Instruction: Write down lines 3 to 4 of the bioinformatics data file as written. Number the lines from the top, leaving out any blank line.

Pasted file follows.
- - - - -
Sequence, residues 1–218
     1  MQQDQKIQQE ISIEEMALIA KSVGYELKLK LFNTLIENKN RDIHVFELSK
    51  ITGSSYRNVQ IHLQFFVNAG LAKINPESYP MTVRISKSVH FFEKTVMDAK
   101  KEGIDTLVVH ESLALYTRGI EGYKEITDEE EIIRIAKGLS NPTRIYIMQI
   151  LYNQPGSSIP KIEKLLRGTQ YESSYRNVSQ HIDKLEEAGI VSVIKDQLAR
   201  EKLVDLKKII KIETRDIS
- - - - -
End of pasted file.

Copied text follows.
    51  ITGSSYRNVQ IHLQFFVNAG LAKINPESYP MTVRISKSVH FFEKTVMDAK
   101  KEGIDTLVVH ESLALYTRGI EGYKEITDEE EIIRIAKGLS NPTRIYIMQI